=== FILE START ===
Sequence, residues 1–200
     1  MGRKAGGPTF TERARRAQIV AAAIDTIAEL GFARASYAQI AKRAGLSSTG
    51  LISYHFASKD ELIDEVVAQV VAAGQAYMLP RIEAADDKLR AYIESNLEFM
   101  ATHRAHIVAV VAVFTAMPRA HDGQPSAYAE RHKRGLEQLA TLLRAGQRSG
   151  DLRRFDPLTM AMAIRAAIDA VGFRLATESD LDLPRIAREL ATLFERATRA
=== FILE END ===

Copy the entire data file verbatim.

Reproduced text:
Sequence, residues 1–200
     1  MGRKAGGPTF TERARRAQIV AAAIDTIAEL GFARASYAQI AKRAGLSSTG
    51  LISYHFASKD ELIDEVVAQV VAAGQAYMLP RIEAADDKLR AYIESNLEFM
   101  ATHRAHIVAV VAVFTAMPRA HDGQPSAYAE RHKRGLEQLA TLLRAGQRSG
   151  DLRRFDPLTM AMAIRAAIDA VGFRLATESD LDLPRIAREL ATLFERATRA